MCN Blogs
Ray Pride

By Ray Pride Pride@moviecitynews.com

My blue haven: The New Yorker &#9829 Nora Ephron

The June 5 New Yorker has some lines to read between as Bewitched auteur Nora Ephron becomes the fulcrum of the issue. First, the 65-year-old scribe-turned-helmer reminisces about her price-stabilized apartment while bragging on her income, and subtly dropping in the name of her mate, Nick Pileggi, twitchthis1682a.jpgwho co-wrote Goodfellas for Scorsese. “When you give up your apartment in New York and move to another city, New York becomes the worst version of itself,” Ephron writes in gentle, only slightly condescending cliché. “Most people who don’t live in New York have no idea that New Yorkers have exactly the same sense of neighborhood that supposedly exists in small-town America.” Coy references to ex-husband Carl Bernstein are followed by mentions of “The man I was seeing, whom I eventually married, managed to tip his way to a lease on a top-floor apartment… My husband, Nick, and I were married there… It was a symbol of family.” The Sony (and Ephron) family are part of a fluff-and-fold profile of Sony chairman and CEO Sir Howard Stringer by Mark Singer. The 63-year-old Stringer, writes Singer, “seems a virtuoso of stealth ambition”—no reference to the failed movie Stealth, surely—and gets modest amounts of revelation from him: “They’d put five movies on [a] list [of 60 great Sony products] and I said, ‘I know two of those movies are going to be awful. So for God’s sake, don’t put ads in the paper saying, ‘Here are sixty great Sony products.’ It’s asking too much.” Singer offers up Bewitched as one of Sony Pictures’ “major disappointments” of 2005, kindly failing to cite Ephron as its director, but also offers testimony to Stringer’s acumen from… Nora Ephron‘s husband: “To this day, I still think of Howard as a journalist, the writer Nicholas Pileggi, who befriended Stringer more than 30 years ago… said. ‘Howard gets the overview. He can drop statistics and he knows the minutiae, but he gets the overview.”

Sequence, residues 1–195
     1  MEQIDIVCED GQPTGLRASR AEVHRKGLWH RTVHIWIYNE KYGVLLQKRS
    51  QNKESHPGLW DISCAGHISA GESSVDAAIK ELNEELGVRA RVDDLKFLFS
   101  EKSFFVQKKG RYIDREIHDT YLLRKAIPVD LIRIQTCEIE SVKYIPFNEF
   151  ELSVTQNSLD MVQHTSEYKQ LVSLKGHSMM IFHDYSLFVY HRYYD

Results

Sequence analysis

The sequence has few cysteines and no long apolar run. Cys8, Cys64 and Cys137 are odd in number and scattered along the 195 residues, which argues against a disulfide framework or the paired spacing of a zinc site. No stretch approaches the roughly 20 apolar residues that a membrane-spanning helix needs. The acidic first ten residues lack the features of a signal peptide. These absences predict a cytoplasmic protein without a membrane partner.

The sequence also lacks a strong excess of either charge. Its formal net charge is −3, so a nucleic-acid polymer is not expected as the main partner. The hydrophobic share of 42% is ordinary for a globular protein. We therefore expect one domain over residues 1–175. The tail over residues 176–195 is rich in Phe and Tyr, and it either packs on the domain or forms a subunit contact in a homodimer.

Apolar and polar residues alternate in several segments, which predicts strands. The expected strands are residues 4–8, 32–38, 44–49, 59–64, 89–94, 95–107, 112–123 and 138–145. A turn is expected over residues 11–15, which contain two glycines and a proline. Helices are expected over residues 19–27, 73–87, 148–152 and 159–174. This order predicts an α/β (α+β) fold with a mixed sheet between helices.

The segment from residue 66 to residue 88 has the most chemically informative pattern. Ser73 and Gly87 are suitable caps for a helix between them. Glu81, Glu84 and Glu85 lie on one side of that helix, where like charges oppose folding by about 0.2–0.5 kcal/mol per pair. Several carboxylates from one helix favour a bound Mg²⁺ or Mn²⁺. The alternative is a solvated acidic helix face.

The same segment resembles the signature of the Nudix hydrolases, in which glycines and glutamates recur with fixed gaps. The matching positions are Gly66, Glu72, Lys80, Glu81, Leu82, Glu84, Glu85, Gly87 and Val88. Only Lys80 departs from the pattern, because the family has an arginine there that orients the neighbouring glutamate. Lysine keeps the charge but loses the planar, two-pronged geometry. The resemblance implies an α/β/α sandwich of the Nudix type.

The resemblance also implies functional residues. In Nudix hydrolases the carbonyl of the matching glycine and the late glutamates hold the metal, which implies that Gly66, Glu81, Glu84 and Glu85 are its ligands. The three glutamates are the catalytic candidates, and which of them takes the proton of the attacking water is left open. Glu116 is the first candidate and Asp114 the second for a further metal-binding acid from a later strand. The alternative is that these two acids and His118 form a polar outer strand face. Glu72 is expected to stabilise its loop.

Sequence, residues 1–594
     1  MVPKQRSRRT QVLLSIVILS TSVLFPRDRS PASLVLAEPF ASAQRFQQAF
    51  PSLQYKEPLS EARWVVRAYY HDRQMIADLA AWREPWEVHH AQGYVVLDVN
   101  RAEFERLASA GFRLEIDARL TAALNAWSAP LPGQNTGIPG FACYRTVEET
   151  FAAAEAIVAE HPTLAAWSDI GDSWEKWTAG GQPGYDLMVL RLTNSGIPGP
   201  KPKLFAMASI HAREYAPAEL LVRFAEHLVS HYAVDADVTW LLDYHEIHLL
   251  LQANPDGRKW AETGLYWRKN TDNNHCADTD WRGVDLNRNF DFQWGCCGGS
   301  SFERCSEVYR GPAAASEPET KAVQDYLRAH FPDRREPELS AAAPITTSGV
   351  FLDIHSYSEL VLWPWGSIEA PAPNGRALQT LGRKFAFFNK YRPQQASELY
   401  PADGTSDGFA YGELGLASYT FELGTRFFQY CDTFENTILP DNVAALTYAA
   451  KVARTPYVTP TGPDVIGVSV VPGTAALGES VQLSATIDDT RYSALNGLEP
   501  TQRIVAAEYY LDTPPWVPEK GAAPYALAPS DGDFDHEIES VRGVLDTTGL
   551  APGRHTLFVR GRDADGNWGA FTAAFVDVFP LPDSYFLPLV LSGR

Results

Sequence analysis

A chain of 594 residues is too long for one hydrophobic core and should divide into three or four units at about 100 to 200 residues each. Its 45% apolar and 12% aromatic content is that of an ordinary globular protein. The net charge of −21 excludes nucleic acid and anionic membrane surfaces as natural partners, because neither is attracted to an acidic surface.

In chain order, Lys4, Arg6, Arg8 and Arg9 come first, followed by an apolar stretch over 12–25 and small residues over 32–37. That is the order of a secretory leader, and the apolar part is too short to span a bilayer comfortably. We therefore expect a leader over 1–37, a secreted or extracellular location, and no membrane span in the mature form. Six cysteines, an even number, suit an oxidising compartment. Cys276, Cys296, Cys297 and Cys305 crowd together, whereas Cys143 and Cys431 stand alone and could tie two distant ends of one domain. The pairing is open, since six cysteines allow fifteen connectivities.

Comments are closed.

Movie City Indie

Quote Unquotesee all »

“Film festivals, for those who don’t know, are not exactly the glitzy red carpet affairs you see on TV. Those do happen, but they’re a tiny part of the festival. The main part of any film festival are the thousands of people with festival passes hanging on lanyards beneath their anoraks, carrying brochures for movies you have never and will never hear of, desperately scrabbling to sell whatever movie it is to buyers from all over the world. Every hotel bar, every cafe, every restaurant is filled to the brim with these people, talking loudly about non-existent deals. The Brits are the worst because most of the British film industry, with a few honourable exceptions, are scam artists and chancers who move around from company to company failing to get anything good made and trying to cast Danny Dyer in anything that moves. I’m seeing guys here who I first met twenty years ago and who are still wearing the same clothes, doing the same job (albeit for a different company) and spinning the same line of bullshit about how THIS movie has Al Pacino or Meryl Streep or George Clooney attached and, whilst that last one didn’t work out, THIS ONE is going to be HUGE. As the day goes on, they start drinking and it all gets ugly and, well, that’s why I’m the guy walking through the Tiergarten with a camera taking pictures of frozen lakes and pretending this isn’t happening.

“Berlin is cool, though and I’ve been lucky to be doing meetings with some people who want to actually get things done. We’ll see what comes of it.”
~ Julian Simpson 

“The difference between poetry and prose, and why if you’re not acculturated to poetry, you might resist it: that page is frightening. Why is it not filled? The two categories of people who don’t feel that way are children and prisoners. So many prison poets; they see that gap and experience it differently. I’m for the gap!”
~ Poet Eileen Myles